Denise explains why she's going to parliament to talk about her experience of benefit assessments.
I’m Denise and I have bipolar disorder. Sometimes when it’s bad I’m not able to work. Tomorrow I’m going to parliament to talk to a committee of MPs about my experience of benefits assessments.
I’m feeling pretty nervous, but also excited as I see this as a chance to tell them what’s going wrong at the moment. I think it’s really important to tell these people how the assessment process feels for me, as a person with mental health problems and why it doesn’t work as it currently is.
When I had my PIP* assessment, the assessor was pleasant enough and fairly sympathetic. But she didn’t seem to have any expertise in mental health. I no longer had my support worker so I had to go alone. I just kept thinking, how was she supposed to understand how my mental health problems impact on my day-to-day life?
"The questions they asked me were irrelevant."
How was I supposed to show her how my mental health problems really affect me with the questions they asked? It was very difficult to explain the extreme fluctuations I get with my bipolar disorder.
I know that lots of campaigners have also written to the people in parliament I’m seeing today about their experiences. The stories they provided gave clear evidence of the problems with assessments for PIP and ESA. I’m hoping that by going tomorrow I can add my voice to those stories and show why it’s so important that it’s changed and why the current system isn’t working.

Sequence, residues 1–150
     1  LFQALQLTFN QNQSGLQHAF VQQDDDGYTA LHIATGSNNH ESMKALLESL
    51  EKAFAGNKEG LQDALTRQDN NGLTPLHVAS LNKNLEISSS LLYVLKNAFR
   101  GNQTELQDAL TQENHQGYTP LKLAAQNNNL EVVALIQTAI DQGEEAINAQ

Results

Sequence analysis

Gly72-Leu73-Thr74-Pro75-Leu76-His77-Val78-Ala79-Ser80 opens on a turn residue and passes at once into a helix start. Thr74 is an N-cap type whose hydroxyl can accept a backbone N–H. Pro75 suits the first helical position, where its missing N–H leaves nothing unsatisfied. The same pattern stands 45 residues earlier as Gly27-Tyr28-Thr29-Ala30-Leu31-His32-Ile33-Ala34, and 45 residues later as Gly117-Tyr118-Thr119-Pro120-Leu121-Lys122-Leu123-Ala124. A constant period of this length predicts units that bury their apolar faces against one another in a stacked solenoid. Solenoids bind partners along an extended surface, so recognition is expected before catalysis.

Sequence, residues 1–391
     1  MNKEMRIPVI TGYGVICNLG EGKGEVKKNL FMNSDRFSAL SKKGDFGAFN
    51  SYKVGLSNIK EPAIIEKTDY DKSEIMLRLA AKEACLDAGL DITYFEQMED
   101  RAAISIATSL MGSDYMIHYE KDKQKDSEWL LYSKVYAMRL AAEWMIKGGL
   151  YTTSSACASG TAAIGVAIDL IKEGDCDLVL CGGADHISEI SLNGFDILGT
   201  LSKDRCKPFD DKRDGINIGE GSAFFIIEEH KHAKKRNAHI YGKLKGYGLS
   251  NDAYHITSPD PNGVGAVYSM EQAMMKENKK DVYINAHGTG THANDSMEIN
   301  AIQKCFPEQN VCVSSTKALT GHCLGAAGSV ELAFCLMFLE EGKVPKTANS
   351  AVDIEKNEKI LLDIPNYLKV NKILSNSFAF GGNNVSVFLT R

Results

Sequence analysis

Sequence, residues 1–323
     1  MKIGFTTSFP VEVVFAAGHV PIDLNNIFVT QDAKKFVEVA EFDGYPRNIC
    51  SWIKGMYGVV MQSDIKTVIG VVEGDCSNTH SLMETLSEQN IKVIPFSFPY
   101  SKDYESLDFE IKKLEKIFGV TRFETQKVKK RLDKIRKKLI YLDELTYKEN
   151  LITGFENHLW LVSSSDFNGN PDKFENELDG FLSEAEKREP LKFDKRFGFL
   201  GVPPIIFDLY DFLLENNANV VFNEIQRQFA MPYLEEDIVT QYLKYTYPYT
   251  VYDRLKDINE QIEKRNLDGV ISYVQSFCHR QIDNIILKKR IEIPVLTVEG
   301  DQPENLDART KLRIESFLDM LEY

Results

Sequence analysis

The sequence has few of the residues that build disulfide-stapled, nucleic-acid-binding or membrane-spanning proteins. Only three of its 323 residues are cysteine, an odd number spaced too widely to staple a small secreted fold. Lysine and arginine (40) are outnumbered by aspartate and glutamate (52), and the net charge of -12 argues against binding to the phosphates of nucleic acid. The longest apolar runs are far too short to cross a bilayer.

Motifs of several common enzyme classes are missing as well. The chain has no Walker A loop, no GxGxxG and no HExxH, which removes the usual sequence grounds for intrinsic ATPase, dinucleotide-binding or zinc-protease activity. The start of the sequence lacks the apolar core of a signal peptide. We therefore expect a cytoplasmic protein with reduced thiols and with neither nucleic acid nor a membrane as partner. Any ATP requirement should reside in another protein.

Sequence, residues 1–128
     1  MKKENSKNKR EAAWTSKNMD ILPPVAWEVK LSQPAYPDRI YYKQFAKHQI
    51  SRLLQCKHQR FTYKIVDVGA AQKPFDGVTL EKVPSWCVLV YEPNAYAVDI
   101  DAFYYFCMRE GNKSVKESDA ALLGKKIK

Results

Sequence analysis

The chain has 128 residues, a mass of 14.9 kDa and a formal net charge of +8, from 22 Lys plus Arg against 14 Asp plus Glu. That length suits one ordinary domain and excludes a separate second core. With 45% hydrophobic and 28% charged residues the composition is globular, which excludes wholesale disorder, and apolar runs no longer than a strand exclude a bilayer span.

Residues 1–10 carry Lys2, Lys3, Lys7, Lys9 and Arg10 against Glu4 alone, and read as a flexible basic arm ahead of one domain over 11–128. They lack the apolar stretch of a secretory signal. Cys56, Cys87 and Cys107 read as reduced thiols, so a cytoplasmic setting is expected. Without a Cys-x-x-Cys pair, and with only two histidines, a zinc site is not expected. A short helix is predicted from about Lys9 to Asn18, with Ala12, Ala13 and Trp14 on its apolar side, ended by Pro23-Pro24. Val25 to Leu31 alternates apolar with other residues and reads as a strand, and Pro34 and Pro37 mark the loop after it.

And I hope the committee are listening. A group of us are going from Mind to explain what PIP and ESA assessments are like for people with mental health problems and I’ll be there with David from Oxfordshire Mind who sees people every day who are having a bad experience with their benefits assessments and helps them get the support they’re entitled to.
"The benefits I received from PIP and ESA are my whole income and I rely on them."
When I have to reapply and I know an assessment is coming it adds extra stress and puts my mental health in trouble. The application process along with the assessment is deeply flawed and I can only access benefits if the assessments are fair. This is what we will make clear tomorrow.
*Personal Independence Payments (PIP) are a benefit to help people with extra costs caused by long term health problems.
Read about Mind's campaigns
When you’re living with a mental health problem, or supporting someone who is, having access to the right information - about a condition, treatment options, or practical issues - is vital. Choose one of the options below to find out more.
Blogs and stories can show that people with mental health problems are cared about, understood and listened to. We can use it to challenge the status quo and change attitudes.